Islamic science=propaganda

I have heard a lot about the supposed scientific miracles of Quran. The
Muslims who come up with this stuff are way more hard core than any Creationist
you will ever run into. (I don't look down on Creationism BTW.)

The West has exported knowledge and techniques but not the cultural underpinnings (Judeo-Christian civilization) to assure that those are rightly used. Moreover the West is losing those underpinnings itself, as we see so many scientists who
advocate unbridled stem-cell research and other such courses of
research which ethically are highly questionable.

I'll give you an example of how Islam corrupts scientific research: I was
speaking with a well-known veterinarian and I asked him about research
going in the Middle East. He laughed and said that since the branch of
the government that is in charge of apportioning funds is very conservative, they are experimenting with camel urine as a medication.

Camel urine as a medication? Yep: in one of the hadiith it says that certain men went out to live among a camel herd and drank their urine and milk and became strong. So rather than testing a hypothesis, you already know God's truth which is infallible. It only remains for you to gain evidence in favor of the proposition. If evidence does not support the hypothesis then it must have insufficient, or the experiment not carried out correctly.

Other favorites from the Quran: man is made from a blood clot. And: Alexander the Great traveled as far as India where he saw the sun set into a puddle of mud. And: The mountains are there to keep the earth from shaking.

This article does a good job explaining how science is subsumed into Islam and
simply made a tool for its victory. This is actually what should
happen, because all courses of inquiry must be submitted to the Quran. Islam means submission.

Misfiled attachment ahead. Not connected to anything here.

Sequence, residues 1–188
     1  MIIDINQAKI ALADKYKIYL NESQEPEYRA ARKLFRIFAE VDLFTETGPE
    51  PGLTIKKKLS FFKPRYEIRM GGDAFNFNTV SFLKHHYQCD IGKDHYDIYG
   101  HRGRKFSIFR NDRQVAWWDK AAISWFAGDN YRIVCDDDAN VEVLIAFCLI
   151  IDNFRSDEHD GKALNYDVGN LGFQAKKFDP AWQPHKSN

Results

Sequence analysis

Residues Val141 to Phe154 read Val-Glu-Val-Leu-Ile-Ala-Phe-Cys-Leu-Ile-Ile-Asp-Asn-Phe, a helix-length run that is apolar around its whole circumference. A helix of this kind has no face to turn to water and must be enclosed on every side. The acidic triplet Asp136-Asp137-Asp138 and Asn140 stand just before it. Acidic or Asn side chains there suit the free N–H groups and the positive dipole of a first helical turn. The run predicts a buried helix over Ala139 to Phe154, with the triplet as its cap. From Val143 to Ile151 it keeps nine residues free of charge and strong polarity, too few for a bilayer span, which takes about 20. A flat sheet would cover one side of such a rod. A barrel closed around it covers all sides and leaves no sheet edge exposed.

From the IHT.

...the involvement of doctors and engineers in terrorism is not shocking.
Muslim scientists are among the most politicized groups in the region,
and the Muslim approach to the scientific method, in the most extreme
cases, can squelch the freewheeling curiosity at the heart of
scientific discovery.

"Fundamentalist-type attitudes are relatively common among people in applied science in the Muslim world," Edis said. "The conception has been that modern science is developed outside, and we need to bring it into our societies without it corrupting our culture."

In other words, science is a tool for furthering an ideology rather than a means of examining core beliefs.

For Islamists like Zaghloul el-Naggar in Cairo, who hosts a popular television show about the Koran's scientific teachings, all science can be discovered within the Koran — from the cause of earthquakes to genetics. Such direct links between
science and religion ultimately hamper the scientific method by making
some questions taboo, analysts say.

"You have the emergence of a new kind of religious figure who is not a cleric, and all of his authority is as a scientist," said ToddPitock, who profiles Naggar in an article about Islam and science in the July issue of the magazine Discover. "The whole purpose of science for some Islamists is using it to reinforce faith; it really has nothing to do with science itself."


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